President Barack Obama Wednesday signed the Stop Trading on Congressional Knowledge (STOCK) Act nearly five months after CBS's 60 Minutes report on how some members of Congress had been profiting from financial trades based upon undisclosed Congressional knowledge, commonly referred to as insider trading. (See: OUTRAGE OF THE DAY: Insider Trading In Congress)
"The STOCK Act makes it clear that if members of Congress use nonpublic information to gain an unfair advantage in the market, then they are breaking the law. It creates new disclosure requirements and new measures of accountability and transparency for thousands of federal employees. That is a good and necessary thing," Obama said during remarks while signing the bill. "We were sent here to serve the American people and look out for their interests -- not to look out for our own interests."
You wouldn't think Congress would actually need a law banning themselves from trading on inside political information, but it turns out they do because there is a pervasive "cultural problem" penetrating Washington, D.C. "It's not about the money, it's about a sense of entitlement," says Peter Schweizer, author of Throw Them All Out and the centerpiece of the 60 Minutes expose. "It's a sense of 'I deserve to have more and the rules don't apply to me.'"
Schweizer is largely responsible for galvanizing the American public to speak up in outrage against our members of Congress who seem to believe they are above the law. He joined The Daily Ticker's Aaron Task to discuss his so-called 'victory' on this issue.
"It's an example of how you can actually move the ball in the right direction occasionally," he says. "I think what made the difference here was that people read [the book], were frustrated by what they saw and they took action. They contacted their Congressmen…. [who] want to keep their job, so they listened."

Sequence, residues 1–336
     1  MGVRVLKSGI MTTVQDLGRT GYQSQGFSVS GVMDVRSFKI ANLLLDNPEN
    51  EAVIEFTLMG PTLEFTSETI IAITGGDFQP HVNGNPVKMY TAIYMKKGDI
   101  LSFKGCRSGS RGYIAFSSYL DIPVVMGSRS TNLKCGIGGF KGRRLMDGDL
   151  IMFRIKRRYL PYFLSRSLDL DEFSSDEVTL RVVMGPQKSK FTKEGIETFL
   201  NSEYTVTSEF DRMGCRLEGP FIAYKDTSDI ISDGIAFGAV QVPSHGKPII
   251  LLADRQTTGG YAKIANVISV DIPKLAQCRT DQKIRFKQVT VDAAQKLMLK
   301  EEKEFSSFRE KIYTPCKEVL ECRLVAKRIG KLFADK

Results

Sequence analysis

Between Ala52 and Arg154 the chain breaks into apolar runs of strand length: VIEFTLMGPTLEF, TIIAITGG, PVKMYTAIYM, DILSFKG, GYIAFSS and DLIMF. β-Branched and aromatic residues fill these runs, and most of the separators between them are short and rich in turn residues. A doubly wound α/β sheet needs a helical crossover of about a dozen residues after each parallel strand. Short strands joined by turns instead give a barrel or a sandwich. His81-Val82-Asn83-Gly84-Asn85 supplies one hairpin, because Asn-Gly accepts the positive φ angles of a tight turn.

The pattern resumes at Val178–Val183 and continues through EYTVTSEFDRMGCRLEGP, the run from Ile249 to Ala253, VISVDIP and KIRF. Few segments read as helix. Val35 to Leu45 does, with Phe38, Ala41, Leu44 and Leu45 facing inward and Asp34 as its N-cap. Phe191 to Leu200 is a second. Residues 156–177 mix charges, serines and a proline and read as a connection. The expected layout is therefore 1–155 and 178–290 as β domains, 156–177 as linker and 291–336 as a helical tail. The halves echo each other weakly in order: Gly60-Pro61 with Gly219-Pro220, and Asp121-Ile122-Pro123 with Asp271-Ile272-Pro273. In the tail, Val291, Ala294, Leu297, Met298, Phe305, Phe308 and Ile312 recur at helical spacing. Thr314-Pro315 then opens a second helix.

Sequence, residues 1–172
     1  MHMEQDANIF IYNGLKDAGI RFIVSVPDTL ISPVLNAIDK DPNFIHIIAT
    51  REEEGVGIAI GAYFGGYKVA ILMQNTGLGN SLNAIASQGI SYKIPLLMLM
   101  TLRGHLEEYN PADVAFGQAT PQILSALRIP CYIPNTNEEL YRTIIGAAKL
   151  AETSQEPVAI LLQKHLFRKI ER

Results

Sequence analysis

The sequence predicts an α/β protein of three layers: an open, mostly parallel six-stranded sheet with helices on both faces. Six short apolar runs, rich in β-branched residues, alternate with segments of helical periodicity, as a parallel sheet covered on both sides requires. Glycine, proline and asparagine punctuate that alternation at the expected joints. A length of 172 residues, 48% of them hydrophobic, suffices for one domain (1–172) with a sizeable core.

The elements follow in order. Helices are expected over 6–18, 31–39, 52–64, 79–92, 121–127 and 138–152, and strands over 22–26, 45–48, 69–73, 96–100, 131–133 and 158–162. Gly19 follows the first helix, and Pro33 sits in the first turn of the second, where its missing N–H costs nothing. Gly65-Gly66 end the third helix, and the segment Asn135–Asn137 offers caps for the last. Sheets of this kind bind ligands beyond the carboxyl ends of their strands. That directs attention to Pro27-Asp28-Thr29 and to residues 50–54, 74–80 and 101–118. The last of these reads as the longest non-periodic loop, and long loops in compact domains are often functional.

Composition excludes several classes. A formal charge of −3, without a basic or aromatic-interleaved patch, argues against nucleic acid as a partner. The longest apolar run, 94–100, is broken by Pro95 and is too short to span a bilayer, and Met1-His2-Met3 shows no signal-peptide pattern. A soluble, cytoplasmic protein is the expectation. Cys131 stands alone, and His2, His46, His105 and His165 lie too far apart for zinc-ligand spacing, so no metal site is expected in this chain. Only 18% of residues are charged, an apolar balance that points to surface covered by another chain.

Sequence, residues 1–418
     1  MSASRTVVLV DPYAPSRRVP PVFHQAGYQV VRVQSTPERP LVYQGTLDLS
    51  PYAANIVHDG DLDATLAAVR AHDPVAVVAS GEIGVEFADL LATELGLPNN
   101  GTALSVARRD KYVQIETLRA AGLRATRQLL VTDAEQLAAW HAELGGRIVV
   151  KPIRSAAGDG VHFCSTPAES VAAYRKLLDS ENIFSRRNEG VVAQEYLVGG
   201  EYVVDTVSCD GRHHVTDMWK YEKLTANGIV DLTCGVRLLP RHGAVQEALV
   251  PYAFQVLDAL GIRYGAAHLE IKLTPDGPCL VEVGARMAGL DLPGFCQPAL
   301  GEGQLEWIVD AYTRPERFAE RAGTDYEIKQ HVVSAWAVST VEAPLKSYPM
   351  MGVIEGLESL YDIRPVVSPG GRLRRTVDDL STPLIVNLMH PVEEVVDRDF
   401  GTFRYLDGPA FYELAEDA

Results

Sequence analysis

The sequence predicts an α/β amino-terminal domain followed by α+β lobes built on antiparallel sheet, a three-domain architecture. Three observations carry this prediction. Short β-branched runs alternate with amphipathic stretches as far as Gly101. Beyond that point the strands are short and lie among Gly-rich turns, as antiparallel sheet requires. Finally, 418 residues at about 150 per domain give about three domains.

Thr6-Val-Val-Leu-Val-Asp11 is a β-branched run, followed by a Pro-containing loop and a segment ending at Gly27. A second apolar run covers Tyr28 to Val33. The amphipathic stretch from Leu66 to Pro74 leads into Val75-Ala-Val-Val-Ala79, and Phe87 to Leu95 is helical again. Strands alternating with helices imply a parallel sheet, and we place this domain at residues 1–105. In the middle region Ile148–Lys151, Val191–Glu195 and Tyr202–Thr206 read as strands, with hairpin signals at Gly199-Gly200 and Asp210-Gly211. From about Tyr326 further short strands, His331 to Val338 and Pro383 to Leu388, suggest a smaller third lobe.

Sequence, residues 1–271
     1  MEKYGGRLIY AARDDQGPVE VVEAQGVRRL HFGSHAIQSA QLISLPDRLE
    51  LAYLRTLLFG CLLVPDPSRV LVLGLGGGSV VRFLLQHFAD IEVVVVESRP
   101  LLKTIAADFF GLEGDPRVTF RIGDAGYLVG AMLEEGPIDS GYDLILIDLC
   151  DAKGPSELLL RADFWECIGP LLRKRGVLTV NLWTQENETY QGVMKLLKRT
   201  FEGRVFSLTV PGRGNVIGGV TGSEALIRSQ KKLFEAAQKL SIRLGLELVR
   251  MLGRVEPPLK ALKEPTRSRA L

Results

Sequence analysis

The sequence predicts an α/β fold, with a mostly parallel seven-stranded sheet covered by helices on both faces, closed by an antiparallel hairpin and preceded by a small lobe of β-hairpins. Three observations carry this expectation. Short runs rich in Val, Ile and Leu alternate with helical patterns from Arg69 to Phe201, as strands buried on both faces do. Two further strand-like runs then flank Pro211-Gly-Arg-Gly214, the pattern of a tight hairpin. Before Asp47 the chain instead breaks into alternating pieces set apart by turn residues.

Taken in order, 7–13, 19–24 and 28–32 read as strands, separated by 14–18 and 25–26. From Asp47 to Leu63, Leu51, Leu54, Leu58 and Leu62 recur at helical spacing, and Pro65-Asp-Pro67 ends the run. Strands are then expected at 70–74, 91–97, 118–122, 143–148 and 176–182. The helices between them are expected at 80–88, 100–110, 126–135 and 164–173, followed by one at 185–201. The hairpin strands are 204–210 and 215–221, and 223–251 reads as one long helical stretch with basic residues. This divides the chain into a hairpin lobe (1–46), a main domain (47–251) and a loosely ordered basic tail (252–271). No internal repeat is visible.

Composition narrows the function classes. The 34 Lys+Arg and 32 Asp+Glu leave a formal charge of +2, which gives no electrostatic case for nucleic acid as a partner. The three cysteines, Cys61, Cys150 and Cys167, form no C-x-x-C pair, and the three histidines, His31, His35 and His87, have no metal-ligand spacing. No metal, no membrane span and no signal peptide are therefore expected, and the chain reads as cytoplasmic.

Unlike so many issues in today's political discourse, this is one without a derisive partisan divide. Conservatives and liberals alike do not believe Congress should be allowed to live and act by a separate set of rules.
"We have a problem in Washington, D.C. that the people who are supposed to abide by these rules are the very same people who get to write the rules," says Schweizer. "That means there are loopholes in this bill."
While the STOCK Act is a step in the right direction, Schweizer believes more must be done to rein in our self-enriching Congress.
"I think it is fine to have a law that says [insider trading] is illegal, but I think we need to go a step further and just say for example, that if you are on the Senate Banking Committee, you should not be trading bank stocks, period," he says. "It just creates opportunities for abuse."
President Obama said as much today as well. "There's obviously more that we can do to close the deficit of trust and limit the corrosive influence of money in politics. We should limit any elected official from owning stocks in industries that they have the power to impact," he said. "We should make sure people who bundle campaign contributions for Congress can't lobby Congress, and vice versa. These are ideas that should garner bipartisan support. They certainly have wide support outside of Washington. And it's my hope that we can build off today's bipartisan effort to get them done."
Schweizer is also in favor of mandatory blind trusts for members of Congress and more expansive limits on land deals, whereby a member of Congress will buy a piece of land and then earmark a project with federal taxpayer dollars with the goal of enriching their property. "The STOCK Act does nothing to deal with land deals or other graft that is taking place," he says. "It only deals with insider trading."
America needs to "return to the notion of citizen legislature that you are there for a while but you are not there forever," he says.
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- President Barack Obama
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